'There happened to be a doctor on the beach who helped to treat the man at the scene, and an ambulance then arrived to take him to hospital.

'However the surfer had been bitten on both of his arms and his stomach and he sadly died on the way to the medical facility.'

Experts said it was believed Mr Msungubana was attacked by a bull shark, which hunt alone and are famously aggressive.

Officials said it was the sixth fatal shark attack at Port St Johns' Second Beach since 2007.

Local guesthouse owner and surfing expert Michael Gatcke said a team of specialists had been brought in to study the issue amid the spate of attacks.

He said: 'This is now the sixth attack here in the last five years and people are getting worried about their safety in the sea.

'I can remember the previous attacks clearly - a lifeguard died in 2007 and there were three attacks in 2009.

'There was a fatal attack on a surfer on January 15, 2011, and then this one, exactly a year later.'

He added: 'Experts are now saying this is the world's most dangerous beach for shark attacks and I can believe it.

'The frightening thing is that when you look at the statistics for attacks worldwide, usually only around one in six shark attacks in fatal.

'But here all of the attacks in the last five years have resulted in death.

'It makes you wonder whether the sharks are particularly aggressive, or whether there is some other factor that is causing this problem.

'Whatever the reason, I no longer surf or go into the water.

'I think the local authorities need to do more to tackle the problem and warn people about the dangers.'

Officials today issued a fresh safety warning for bathers at the popular beach, which lies along a stretch of largely undeveloped coastline known as the Wild Coast.

Meanwhile public safety chiefs have launched a probe into what caused the spate of attacks.

Mr Kupelo said one theory was that the sharks were attracted to the area to feed on the remains of animals slaughtered during traditional sacrifices.

He said: 'The local community continues in its tradition of slaughtering animals to mark auspicious occasions and for cultural events.

'Sometimes this is done by members of the church or community leaders on the beach or in the river which leads to the sea.

'It is now being thought that perhaps the offal and remains of the animals are attracting the sharks, which are coming in from the deep to feed.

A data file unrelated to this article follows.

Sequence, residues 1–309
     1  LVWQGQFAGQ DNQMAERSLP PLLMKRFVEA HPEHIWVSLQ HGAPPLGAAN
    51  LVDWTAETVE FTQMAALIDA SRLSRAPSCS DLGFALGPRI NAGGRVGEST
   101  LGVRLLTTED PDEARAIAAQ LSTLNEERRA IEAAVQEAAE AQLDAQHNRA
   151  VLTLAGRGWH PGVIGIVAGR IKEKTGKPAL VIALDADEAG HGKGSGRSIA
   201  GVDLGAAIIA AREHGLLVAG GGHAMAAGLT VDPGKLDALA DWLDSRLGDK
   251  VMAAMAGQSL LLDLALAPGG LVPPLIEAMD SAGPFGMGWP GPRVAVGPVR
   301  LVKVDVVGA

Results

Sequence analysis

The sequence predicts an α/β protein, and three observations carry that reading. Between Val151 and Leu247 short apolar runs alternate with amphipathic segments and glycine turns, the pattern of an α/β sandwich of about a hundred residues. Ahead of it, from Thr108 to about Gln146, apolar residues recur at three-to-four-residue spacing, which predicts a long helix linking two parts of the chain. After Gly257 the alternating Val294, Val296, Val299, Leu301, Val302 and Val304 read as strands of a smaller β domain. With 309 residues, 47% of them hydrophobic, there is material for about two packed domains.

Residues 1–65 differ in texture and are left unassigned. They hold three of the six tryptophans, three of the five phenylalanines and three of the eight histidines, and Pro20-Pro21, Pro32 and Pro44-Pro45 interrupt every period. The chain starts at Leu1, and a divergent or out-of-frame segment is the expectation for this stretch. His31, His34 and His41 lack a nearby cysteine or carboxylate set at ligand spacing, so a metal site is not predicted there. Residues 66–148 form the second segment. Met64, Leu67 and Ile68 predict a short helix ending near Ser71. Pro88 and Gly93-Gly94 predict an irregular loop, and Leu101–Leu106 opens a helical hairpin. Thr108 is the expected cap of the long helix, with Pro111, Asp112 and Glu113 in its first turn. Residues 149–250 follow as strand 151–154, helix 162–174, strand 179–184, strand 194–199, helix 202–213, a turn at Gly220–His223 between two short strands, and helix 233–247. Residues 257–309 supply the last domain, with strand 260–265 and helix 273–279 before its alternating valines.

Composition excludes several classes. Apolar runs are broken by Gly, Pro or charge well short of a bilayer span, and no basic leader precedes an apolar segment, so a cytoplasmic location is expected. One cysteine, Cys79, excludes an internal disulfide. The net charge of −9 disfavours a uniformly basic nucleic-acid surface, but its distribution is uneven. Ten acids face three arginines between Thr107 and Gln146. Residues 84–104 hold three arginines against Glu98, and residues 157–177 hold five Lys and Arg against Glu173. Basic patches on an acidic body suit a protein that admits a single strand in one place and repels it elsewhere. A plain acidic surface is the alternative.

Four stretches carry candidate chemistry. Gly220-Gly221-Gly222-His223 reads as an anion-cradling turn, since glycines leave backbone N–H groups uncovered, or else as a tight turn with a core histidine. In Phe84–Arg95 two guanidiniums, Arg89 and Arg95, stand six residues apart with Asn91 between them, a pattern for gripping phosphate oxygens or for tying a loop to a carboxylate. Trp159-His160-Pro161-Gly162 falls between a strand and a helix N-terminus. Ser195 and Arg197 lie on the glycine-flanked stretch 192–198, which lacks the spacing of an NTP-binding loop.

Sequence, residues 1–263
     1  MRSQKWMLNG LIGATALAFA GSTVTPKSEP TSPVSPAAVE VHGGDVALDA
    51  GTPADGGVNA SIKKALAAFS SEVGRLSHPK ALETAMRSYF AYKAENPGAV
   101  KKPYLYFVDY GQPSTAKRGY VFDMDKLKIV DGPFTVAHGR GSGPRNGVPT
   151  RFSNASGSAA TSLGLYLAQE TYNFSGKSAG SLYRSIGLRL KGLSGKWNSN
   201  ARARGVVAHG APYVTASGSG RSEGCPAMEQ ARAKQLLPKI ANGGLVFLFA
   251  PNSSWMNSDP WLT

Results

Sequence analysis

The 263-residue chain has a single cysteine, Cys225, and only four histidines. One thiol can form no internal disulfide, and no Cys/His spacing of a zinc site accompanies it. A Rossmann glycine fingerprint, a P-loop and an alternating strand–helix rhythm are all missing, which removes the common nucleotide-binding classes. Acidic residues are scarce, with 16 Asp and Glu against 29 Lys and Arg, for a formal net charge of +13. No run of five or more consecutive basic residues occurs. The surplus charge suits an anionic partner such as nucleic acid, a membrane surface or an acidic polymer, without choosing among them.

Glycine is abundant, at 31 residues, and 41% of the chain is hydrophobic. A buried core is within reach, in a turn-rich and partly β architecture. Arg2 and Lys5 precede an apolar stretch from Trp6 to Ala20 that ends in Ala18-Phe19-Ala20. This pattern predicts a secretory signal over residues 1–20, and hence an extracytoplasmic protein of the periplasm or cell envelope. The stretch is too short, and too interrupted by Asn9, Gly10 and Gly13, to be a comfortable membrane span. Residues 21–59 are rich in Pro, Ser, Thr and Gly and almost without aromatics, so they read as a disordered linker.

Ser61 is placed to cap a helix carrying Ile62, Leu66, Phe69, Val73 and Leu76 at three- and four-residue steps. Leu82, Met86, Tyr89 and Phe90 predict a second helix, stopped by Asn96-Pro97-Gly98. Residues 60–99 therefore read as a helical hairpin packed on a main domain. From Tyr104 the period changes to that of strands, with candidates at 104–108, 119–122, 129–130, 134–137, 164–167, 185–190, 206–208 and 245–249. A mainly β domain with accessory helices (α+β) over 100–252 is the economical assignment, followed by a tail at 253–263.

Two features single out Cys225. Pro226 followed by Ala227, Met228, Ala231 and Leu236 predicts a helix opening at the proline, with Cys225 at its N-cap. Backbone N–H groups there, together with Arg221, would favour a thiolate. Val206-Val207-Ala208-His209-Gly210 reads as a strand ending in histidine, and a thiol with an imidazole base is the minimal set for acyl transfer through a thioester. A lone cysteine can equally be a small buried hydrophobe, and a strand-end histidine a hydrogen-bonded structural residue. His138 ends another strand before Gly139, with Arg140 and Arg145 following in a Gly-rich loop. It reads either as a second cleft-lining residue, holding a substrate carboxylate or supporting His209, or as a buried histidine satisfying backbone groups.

'The latest attack is definitely not the first and we need to examine why this area is becoming so dangerous.

'Perhaps if the link to the traditional ceremonies is proven then the local municipality will need to take steps to prevent this practice.'

Yesterday's death is the latest shark attack in South Africa.

Last September Briton Michael Cohen, 47, lost his right leg and part of his left foot after being savaged by one of the beasts in the sea near Cape Town.


Read more: dailymail.co.uk
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Re: 01/15/2012 Lungisani Msungubali ( South Africa ) *** Fat

Postby alb » Mon Jan 16, 2012 8:07 pm

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Re: 01/15/2012 Lungisani Msunguba ( South Africa ) *** Fatal

Postby alb » Tue Jan 17, 2012 1:33 pm

Shark attack beach closed

South African authorities have indefinitely shut down the world's most dangerous beach for shark attacks after naming a man who was fatally mauled

Lungisani Msungubana, 25, died while swimming off the notorious strip on Sunday afternoon while swimming with a group of friends in shallow water in Second Beach in Port St Johns, a town on the country's southeastern coast, when the attack took place.

John Costello, local station commander for the National Sea Rescue Institute, said he sustained "multiple traumatic lacerations to his torso, arms and legs" where the shark bit him repeatedly.

His death marks the sixth in just over five years at the beach, making it the most dangerous in the world for fatal shark attacks. In South Africa, one in five attacks by the ocean predators ends in the death but every single attack at Second Beach has proved fatal.

Zambezi or bull sharks, known as the "pitbulls of the ocean" for their ferocity, have been blamed for most of the incidents. Experts from the nearby Natal Sharks Board have been brought in to investigate the phenomenon and the town authorities have closed the beach to swimmers.


Pictures taken on Sunday show lifeguards wading nervously into the sea to pull the badly-injured Mr Msungubana to safety. They placed him on a surfboard to bring him to shore where, Mr Costello said, he was treated by a doctor who had been on the beach before paramedics arrived.


"At the clinic medical staff declared the man dead after all efforts to save him had been exhausted," he added.

Witnesses told how they watched in horror as the shark approached Mr Msungubana who, perhaps mindful of the risk, was only waist-deep in the water.

Eyewitness Cebo Mafuna told that he was bodysurfing close to the shore when he saw the creature's fin.

"It was about a foot high but it didn't look like a big shark," he said.

"When it came up out of the water, I saw it open its mouth and saw its teeth. It turned the guy on his side and went for him. He tried to fight it off with his arm but it kept attacking."

Provincial health spokesman Sizwe Kupelo said "brave" Mr Msungubana fought with the shark for a "good five minutes".

"His injuries were severe, but while he was fighting for his life, he was shouting for others to get out of the water," he added.

Nonceba Madikizela, a spokesman for Port St Johns municipality, said it had decided to close the beach to swimmers until the Natal Sharks Board completes its investigation - said to be in August.

"We were constantly putting warning signs on the beach about the high number of shark attacks but people were vandalising them and removing them," she said.

"Lifeguards have now been instructed not to allow anyone in to the water and police will be monitoring the beach to ensure people comply.

"We understand that we will lose some revenue from the tourists that come down but we believe that the safety of people is more important than any revenue."


http://www.telegraph.co.uk/